Is there any organisation which speaks in any more than a whisper on behalf of the underemployed?

13 October 2005

Who called Bob "Judas"?

This question does not refer to the recently superannuated Premier of NSW's decision to accept a reported half million pieces of gold for doing some consultancy work, so the answer is not "most Australians with a well developed moral sense".

An Adelaide giveaway paper has offered a copy of the Bob Dylan No Direction Home soundtrack CD to the first four people who can identify the irate fan who shouted out "Judas" at a 1966 concert in the UK (when Dylan reverted to electric music). A Google search has narrowed the field down to two: John Cordwell and Keith Butler. See

http://enjoyment.independent.co.uk/music/features/article314340.ece ( Cordwell's claim)

http://www.expectingrain.com/dok/who/b/butlerkeith.html. (the case for Butler with a nod in J C's direction).

I've neither the time nor the inclination to peruse the 21,100 or so links Google has thrown up and it's too late to claim a prize, but it would be interesting to know what the correct answer is.

12 October 2005

Lifeboat drill on Cruise Ship Australia

Today's Bulletin features an article by David Williamson in which he uses a recent cruise as a starting point for some trenchant criticisms of modern Australia.


It didn't take him long to see underneath the veneer of shipboard glitz:

it soon became apparent... that all wasn't to be plain sailing. The ship was stacked to the gunwales [sic] with John Howard’s beloved “aspirational Australians”.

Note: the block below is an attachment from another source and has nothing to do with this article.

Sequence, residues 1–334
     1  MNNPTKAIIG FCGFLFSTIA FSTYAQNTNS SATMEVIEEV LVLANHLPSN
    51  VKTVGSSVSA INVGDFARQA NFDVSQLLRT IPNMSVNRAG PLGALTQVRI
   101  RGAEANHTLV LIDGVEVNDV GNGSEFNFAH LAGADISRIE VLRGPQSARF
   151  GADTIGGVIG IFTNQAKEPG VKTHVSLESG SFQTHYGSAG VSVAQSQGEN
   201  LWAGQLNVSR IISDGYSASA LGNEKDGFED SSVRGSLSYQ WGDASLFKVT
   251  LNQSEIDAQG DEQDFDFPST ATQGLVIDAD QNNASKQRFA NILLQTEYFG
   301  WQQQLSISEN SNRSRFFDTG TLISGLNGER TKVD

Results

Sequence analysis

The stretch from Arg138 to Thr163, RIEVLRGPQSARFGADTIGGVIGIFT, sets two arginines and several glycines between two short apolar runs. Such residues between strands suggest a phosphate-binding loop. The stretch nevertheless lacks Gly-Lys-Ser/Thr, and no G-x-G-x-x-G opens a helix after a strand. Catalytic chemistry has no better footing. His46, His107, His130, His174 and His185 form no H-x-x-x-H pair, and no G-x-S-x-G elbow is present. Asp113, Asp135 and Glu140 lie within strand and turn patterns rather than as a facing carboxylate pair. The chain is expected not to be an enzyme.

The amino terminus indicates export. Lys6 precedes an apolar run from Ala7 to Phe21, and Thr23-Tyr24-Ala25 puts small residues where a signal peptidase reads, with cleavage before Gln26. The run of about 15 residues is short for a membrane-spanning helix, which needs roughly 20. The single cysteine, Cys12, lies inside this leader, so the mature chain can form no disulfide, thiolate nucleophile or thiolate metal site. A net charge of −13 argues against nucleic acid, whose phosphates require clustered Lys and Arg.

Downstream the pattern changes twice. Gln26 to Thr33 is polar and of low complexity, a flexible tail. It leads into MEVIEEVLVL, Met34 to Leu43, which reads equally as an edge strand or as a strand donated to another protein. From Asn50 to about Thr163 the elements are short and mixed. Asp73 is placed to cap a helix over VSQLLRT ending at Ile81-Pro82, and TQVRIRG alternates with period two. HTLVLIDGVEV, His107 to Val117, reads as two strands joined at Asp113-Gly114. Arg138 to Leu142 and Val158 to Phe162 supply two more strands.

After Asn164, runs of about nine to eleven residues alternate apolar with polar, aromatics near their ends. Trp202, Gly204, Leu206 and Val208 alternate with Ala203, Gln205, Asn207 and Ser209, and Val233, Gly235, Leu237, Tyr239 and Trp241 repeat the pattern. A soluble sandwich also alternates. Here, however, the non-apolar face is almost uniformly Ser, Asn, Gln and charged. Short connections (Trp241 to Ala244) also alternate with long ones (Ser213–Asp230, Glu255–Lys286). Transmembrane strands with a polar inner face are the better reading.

The dinner conversation made this plain. They aspired to all manner of things: to holidays like this, to new cars, to kitchen refits, to renovations, to private education for their children, and to practically anything made of plastic, wood or steel. The one surefire topic of conversation that connected erstwhile strangers was price comparisons.

Bob Carr wasn't on board (Williamson couldn't identify any Proust readers) so the cultural deficit had to be made up by recollections of a cruise past:

A British cruise line took us from Hong Kong down through Vietnam, Cambodia and on to Singapore. Excellent lecturers from Oxford and other major universities gave talks morning and afternoon about the geography, history, culture and art of the places we were about to visit. It was like a floating university of the very best kind, and we had to arrive early and fight for seats as hordes of ageing but fit and mentally alert English jostled for front spots, many taking copious notes...In contrast to the mindless hedonism of the Australian cruise we were presented with a world of sharp and complex reality. Discussion at dinner was a lively examination of what we’d seen and its implications. The creative heights and the brutal depths of human potential resonated powerfully in our imaginations.

Cultural binge or cultural cringe?

Back on Cruise Ship Australia no one so much as mentioned the plight of the real aspirationals on board, the Indonesian and Filipino crew members who were away from their families on low-wage contracts for up to 10 months, or queried why they had one kind of lifestyle and we had another.

So the British cruise line vessel had an entirely British crew (and faculty)? We're not told.

Next Williamson shifts his focus to the environment. Australians have inherited [?] a very fragile ecosystem; probably after Iceland, the most fragile in the world .

He is pessimistic about the future but, somewhat oddly given his attitude elsewhere, endorses the economic rationalist view that farming should be shut down to buy time.

Then he concludes with a stirring rhetorical flourish